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October 26, 2014 / 2 Heshvan, 5775
At a Glance

Posts Tagged ‘Texas’

Carnival Cruise Passenger In On-Board Ebola Quarantine

Sunday, October 19th, 2014

A Texas lab technician is in voluntary quarantine aboard a Carnival Cruise ship after the CDC issued a travel ban on workers from Texas Health Presbyterian Hospital Dallas who were near where Ebola patient Thomas Eric Duncan died.

The technician on the cruise ship handled fluids from the dead Ebola patient.

The new CDC requirements are that suspected carriers are banned from planes, trains, ships, bars, restaurants, stores, theaters, and other public locations for a period of 21 days from their last contact.

The technician will be at day 21 on Sunday, and she is currently quarantined in the room with her husband and is showing no symptoms of the disease.

The cruise ship, with 4000 passengers, was set to dock in Mexico, but the country refused to let the ship dock.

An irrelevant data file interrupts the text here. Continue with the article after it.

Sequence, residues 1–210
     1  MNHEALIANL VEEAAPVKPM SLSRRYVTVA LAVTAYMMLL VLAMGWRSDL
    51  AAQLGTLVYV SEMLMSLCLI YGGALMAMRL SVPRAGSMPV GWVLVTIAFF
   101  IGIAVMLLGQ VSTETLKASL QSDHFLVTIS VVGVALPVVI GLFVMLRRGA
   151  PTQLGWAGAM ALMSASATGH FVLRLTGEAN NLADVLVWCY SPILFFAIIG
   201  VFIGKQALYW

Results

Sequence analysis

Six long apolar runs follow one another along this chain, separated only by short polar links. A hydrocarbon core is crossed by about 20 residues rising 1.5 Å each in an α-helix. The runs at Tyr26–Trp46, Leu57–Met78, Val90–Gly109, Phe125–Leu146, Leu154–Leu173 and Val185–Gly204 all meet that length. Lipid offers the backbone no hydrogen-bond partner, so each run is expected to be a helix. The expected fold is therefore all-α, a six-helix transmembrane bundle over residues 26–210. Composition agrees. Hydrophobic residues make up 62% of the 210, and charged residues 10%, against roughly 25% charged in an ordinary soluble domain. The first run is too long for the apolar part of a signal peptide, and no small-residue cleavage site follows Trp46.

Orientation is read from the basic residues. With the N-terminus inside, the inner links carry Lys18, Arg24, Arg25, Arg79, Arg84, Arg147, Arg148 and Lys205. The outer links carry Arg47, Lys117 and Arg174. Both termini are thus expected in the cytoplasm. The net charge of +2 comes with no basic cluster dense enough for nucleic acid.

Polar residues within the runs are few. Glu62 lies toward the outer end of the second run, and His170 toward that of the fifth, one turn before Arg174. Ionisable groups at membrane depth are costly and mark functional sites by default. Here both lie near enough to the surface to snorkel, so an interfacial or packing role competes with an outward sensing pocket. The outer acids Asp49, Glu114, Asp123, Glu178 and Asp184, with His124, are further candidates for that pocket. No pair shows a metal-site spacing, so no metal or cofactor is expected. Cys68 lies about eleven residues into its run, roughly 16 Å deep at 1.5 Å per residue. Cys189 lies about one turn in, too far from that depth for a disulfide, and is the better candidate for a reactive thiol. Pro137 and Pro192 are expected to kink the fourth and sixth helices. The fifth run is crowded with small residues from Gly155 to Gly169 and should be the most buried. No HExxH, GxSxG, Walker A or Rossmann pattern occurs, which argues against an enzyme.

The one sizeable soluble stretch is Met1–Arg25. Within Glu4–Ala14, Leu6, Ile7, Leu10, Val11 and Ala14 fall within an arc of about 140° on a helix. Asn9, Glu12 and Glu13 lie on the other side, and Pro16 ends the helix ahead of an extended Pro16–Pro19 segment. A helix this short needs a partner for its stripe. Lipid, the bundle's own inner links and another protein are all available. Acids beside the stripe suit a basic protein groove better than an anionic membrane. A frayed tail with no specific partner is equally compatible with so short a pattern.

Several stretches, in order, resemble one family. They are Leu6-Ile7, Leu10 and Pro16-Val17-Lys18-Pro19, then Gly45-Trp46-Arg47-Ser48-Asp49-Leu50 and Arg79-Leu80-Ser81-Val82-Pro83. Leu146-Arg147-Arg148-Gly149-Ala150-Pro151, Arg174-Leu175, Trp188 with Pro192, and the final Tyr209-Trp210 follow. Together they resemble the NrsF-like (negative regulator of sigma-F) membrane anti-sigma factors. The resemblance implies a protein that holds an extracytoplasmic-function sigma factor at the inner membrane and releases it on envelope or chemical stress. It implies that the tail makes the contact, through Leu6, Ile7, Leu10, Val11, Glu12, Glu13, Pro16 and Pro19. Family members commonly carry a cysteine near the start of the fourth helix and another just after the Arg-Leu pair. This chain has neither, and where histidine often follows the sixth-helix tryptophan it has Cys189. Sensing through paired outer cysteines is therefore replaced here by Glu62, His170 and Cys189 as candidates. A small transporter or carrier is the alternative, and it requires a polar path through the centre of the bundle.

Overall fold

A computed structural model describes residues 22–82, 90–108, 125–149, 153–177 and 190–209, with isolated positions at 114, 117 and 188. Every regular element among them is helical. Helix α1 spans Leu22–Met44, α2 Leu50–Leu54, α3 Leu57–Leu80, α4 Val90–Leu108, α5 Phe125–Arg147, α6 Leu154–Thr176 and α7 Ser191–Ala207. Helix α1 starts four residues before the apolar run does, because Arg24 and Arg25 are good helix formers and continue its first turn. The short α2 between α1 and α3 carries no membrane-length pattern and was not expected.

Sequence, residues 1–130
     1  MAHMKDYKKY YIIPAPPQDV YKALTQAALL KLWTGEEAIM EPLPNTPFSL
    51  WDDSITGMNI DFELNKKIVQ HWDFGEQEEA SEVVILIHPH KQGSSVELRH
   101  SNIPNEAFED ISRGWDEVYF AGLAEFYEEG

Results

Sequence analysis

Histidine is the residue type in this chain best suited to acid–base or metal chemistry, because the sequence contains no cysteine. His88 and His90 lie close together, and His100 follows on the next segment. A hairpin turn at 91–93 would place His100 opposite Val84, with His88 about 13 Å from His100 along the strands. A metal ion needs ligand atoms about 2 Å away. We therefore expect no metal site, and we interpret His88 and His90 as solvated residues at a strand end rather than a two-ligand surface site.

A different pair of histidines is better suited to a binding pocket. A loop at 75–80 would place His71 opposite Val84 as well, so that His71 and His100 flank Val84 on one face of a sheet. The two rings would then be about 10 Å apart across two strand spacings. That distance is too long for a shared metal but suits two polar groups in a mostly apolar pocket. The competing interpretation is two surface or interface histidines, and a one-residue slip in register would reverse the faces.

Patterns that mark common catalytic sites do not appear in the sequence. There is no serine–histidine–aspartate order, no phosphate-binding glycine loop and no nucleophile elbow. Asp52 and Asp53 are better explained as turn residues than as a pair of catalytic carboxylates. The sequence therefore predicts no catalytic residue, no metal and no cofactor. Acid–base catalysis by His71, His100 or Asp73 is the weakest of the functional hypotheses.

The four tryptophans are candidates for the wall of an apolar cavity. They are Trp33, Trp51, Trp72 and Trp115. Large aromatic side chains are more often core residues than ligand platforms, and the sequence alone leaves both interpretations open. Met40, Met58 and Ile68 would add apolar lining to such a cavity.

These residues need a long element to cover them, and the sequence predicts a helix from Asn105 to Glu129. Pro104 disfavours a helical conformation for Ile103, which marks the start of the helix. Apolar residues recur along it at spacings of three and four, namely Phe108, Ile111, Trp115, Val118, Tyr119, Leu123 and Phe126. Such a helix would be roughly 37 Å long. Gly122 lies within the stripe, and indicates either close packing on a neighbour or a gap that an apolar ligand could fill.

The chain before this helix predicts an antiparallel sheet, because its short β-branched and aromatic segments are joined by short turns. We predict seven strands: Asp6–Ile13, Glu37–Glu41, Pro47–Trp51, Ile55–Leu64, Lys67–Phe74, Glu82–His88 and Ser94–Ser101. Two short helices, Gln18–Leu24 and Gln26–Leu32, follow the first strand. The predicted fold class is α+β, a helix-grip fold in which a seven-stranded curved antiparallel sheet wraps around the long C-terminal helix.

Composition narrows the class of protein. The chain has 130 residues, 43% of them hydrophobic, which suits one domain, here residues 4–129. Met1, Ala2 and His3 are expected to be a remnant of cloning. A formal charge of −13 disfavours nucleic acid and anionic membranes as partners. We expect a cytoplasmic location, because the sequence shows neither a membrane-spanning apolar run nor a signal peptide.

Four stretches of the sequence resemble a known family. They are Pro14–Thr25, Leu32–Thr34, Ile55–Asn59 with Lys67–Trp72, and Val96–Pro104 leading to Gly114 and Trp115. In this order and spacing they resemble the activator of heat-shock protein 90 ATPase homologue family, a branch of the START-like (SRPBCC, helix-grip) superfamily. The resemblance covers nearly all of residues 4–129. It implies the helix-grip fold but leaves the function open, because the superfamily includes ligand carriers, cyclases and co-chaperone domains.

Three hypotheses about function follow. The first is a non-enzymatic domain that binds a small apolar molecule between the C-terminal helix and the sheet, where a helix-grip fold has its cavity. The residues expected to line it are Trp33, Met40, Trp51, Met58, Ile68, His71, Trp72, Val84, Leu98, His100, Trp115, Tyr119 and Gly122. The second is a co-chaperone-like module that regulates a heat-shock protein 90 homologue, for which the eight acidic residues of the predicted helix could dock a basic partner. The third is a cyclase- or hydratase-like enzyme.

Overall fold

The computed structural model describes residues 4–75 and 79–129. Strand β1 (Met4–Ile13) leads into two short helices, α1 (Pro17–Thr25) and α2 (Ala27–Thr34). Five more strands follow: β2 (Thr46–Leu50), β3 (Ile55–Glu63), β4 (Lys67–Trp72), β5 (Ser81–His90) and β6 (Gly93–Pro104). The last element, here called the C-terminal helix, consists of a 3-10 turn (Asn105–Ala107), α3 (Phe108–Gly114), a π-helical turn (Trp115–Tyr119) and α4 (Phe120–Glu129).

The ship was able to let the passengers, except the possibly infected passenger, disembark in Belize and is returning to Texas, where it will arrive on Sunday.

In addition, Dallas nurse, Nina Pham (26) has been diagnosed with Ebola, and is in fair condition and being treated.

While another Dallas nurse, Amber Vinson (29), who was infected with Ebola, flew on a plane between Dallas and Cleveland. She is hospitalized in stable condition. She was flying out to plan her upcoming wedding.

Both nurses treated Thomas Eric Duncan at Texas Health Presbyterian Hospital.

Ebola Victim Dies in Texas; Israel Gears Up to Meet Threat

Friday, October 10th, 2014